‘Marica Tu’ is a movie by Spanish filmmaker Ismael Nunez which is based on a comic book by Julian Almazan. Set in Madrid, it is the story of a gay man Julian who arrives to the city and meets Carlos his first night, and embarks on a relationship with him for two years, only for them to break up because Carlos gets a job in Seville. Julian then embarks on a couple of casual affairs, refusing to commit to anyone.
That description seems slight, and the film is – clocking in at a scant 53 mins. We barely have time to know any of these characters, and we really have no understanding about Julian’s relationship with Carlos, so when he frets over their break up, we don’t care. But all is not lost here – I enjoyed the atmosphere of what Gay Madrid seems to be, although, really, that us probably my only take away from the film.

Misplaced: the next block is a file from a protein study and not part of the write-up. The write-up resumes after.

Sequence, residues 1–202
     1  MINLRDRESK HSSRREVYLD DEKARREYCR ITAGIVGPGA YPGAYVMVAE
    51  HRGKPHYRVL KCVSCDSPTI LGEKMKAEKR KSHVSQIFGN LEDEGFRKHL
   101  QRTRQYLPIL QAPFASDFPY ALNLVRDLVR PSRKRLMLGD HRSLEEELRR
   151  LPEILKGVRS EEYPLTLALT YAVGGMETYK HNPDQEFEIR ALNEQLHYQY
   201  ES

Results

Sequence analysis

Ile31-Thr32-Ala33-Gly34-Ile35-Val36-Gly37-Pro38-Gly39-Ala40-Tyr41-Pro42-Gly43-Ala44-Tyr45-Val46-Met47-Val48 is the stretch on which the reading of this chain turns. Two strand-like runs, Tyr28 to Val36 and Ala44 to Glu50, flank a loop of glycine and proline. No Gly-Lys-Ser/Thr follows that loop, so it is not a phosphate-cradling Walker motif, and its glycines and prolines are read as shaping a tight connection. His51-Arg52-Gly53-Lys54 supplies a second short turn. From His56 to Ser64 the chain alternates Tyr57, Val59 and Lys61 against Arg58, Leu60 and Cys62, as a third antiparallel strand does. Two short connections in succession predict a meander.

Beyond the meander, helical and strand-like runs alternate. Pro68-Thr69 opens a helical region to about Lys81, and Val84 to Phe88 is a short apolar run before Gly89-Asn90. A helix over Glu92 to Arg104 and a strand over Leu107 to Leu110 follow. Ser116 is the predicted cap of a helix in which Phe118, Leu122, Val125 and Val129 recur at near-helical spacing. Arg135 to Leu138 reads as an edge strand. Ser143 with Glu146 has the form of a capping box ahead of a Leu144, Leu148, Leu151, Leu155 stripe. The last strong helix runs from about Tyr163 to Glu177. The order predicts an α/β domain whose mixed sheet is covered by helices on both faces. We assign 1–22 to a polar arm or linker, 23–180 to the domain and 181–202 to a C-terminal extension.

I did not know diddly squat about Mayte Alguacil before listening to her new album ‘Trav’lin’ Light’ and most times I prefer it that way, so I won’t have preconceived biases. But after I heard Alguacil’s album, I wanted – needed – to find out more about her. This is a solid album, and eve though her singing is not the most unique, she sings with love and with a great energy that I couldn’t help but fall in love with her. Even the repertoire of old chestnuts seemed uninspired at first is really just fine – I sometimes am hard to please because I get fatigued.